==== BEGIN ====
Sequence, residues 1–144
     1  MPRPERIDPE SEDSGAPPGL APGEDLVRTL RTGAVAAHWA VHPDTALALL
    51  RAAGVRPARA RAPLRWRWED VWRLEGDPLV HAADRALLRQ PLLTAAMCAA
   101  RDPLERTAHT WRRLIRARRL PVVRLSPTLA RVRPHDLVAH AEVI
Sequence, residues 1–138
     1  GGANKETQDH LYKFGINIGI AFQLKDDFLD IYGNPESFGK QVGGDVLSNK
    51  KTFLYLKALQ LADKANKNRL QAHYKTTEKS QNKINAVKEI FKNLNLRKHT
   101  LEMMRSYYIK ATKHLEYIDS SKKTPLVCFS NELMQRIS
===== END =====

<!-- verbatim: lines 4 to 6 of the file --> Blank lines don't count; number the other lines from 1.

   101  RDPLERTAHT WRRLIRARRL PVVRLSPTLA RVRPHDLVAH AEVI
Sequence, residues 1–138
     1  GGANKETQDH LYKFGINIGI AFQLKDDFLD IYGNPESFGK QVGGDVLSNK